Counselling of Puneites throws up surprises

Shashank Kelkar
Friday, 7 December 2018

Social activist Qaneez Sukhrani said, “We follow traffic rules impeccably in foreign countries but behave opposite in our own hometown.” Kalyan Raman of Mission Safer Roads said any common citizen can act as a traffic ambassador. DCP (Traffic) Tejaswi Satpute asked the audience to consider the counselling as an opportunity rather than punishment.

Pune: Counselling a Puneite about obeying traffic rules is a tough job. This was re-established during the first counselling session of around 500 traffic rule violators at the Police Headquarter in Shivajinagar on Friday. 

The session was jointly organised by the RTO and the Traffic Police at the Police Ground.

On the occasion, the chief guest, Pune Regional Transport Officer Babasaheb Ajari, was bombarded with suggestions by the audience. The suggestions included improving the width of the narrow city roads and repairing potholes, faulty construction of speed breakers, safety guarantee on using the helmet, lack of synergy between the RTO and the traffic police, etc.

A youngster even claimed that he will voluntarily buy helmets if the government buys bullet-proof jackets for the police personnel. This suggestion drew an applause. After hearing suggestions, Ajari said the first mistake on the road can be one’s last mistake. Those against the compulsory implementation of the helmet rule should interact with the families of road accident victims, who would concur with the mandatory helmet rule.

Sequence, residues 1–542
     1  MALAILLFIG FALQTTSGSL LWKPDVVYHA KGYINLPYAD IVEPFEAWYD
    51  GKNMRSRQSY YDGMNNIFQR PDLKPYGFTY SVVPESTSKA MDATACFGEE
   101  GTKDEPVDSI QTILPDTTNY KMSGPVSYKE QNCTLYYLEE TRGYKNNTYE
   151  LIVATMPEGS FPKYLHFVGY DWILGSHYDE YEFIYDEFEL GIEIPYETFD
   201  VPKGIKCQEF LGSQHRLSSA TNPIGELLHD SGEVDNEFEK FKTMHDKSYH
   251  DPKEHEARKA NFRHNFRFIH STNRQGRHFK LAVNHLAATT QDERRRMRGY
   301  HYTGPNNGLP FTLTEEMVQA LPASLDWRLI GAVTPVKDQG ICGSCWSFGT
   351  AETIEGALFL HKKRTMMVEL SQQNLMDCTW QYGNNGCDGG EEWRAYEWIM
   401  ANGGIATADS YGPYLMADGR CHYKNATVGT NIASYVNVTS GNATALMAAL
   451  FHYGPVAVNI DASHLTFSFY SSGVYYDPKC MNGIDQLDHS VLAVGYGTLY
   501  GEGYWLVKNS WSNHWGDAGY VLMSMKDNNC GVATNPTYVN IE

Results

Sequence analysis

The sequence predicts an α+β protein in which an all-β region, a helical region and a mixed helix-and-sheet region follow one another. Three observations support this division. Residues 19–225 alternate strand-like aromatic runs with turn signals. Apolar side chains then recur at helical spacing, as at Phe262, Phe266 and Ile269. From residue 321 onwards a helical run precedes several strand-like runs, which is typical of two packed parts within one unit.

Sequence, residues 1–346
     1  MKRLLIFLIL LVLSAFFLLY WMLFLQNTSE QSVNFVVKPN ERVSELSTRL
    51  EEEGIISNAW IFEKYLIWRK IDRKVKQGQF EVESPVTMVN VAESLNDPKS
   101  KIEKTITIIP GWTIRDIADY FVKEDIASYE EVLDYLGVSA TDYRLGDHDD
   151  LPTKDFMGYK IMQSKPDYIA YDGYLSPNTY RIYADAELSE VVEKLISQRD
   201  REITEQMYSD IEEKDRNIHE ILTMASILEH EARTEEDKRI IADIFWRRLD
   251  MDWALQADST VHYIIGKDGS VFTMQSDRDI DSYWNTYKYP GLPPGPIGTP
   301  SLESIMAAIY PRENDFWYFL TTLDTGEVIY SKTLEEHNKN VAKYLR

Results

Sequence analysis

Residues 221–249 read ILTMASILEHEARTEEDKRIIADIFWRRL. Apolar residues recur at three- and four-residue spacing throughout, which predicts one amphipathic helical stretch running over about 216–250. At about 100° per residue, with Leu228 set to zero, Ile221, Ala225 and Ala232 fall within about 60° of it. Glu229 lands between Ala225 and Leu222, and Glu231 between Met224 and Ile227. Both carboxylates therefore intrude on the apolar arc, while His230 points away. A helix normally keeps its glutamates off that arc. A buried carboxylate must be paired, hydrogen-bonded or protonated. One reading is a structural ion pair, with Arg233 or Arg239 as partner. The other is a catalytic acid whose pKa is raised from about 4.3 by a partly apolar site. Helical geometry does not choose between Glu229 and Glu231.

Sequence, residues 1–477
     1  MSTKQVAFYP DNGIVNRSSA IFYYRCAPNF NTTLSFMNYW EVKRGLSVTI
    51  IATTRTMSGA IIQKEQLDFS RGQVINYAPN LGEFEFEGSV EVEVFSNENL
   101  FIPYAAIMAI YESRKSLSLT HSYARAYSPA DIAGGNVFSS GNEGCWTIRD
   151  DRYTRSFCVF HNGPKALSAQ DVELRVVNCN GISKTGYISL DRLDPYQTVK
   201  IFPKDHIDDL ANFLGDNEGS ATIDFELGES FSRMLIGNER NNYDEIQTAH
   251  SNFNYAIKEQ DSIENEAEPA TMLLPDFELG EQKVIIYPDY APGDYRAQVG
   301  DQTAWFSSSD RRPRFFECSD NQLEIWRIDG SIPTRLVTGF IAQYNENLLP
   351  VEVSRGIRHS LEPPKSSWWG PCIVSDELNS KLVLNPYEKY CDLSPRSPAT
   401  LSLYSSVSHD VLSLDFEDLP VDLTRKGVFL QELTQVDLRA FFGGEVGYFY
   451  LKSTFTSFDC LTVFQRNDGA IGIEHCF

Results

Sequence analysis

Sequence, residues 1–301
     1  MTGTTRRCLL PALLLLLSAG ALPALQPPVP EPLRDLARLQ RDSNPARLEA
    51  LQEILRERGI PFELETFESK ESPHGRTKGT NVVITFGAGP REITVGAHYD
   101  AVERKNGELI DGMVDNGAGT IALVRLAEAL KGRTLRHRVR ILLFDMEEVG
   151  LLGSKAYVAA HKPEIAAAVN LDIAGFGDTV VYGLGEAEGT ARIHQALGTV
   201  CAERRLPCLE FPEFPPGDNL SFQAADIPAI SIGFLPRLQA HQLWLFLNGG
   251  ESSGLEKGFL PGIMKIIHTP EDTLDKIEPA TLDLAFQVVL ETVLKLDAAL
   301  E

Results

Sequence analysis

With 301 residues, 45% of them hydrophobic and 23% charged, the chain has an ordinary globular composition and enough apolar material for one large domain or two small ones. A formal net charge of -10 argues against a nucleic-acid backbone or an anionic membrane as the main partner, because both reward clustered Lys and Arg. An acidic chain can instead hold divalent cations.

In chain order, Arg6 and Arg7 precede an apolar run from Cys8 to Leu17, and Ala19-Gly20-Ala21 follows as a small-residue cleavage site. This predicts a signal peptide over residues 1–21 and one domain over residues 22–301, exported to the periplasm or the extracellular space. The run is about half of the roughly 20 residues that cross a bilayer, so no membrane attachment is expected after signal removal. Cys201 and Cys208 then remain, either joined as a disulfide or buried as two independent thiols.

Renowned psychiatrist Dr R Jahagirdar explained the behavioural aspects behind committing traffic rule violations. He said there is no ‘machoness’ in rash driving and breaking rules as it can result only in disaster. 

Social activist Qaneez Sukhrani said, “We follow traffic rules impeccably in foreign countries but behave opposite in our own hometown.” Kalyan Raman of Mission Safer Roads said any common citizen can act as a traffic ambassador. DCP (Traffic) Tejaswi Satpute asked the audience to consider the counselling as an opportunity rather than punishment. 

Speaking to Sakal Times, Sharfoddein Sheikh (64), a retired bank officer now working as a delivery executive with Uber Eats, lamented that he was charged for not wearing a helmet near MIT College when he had approached the police for address confirmation. He added that the compulsory helmet rule will be effective from January 1, 2019 but he was booked in December.
 
Prashant Deshpande (40), a businessman, narrated that while driving his car, he was booked for speaking on mobile phone. However, he was actually singing along with the music. Deshpande was particularly upset due to unnecessary booking and rude behaviour of the police constable. 

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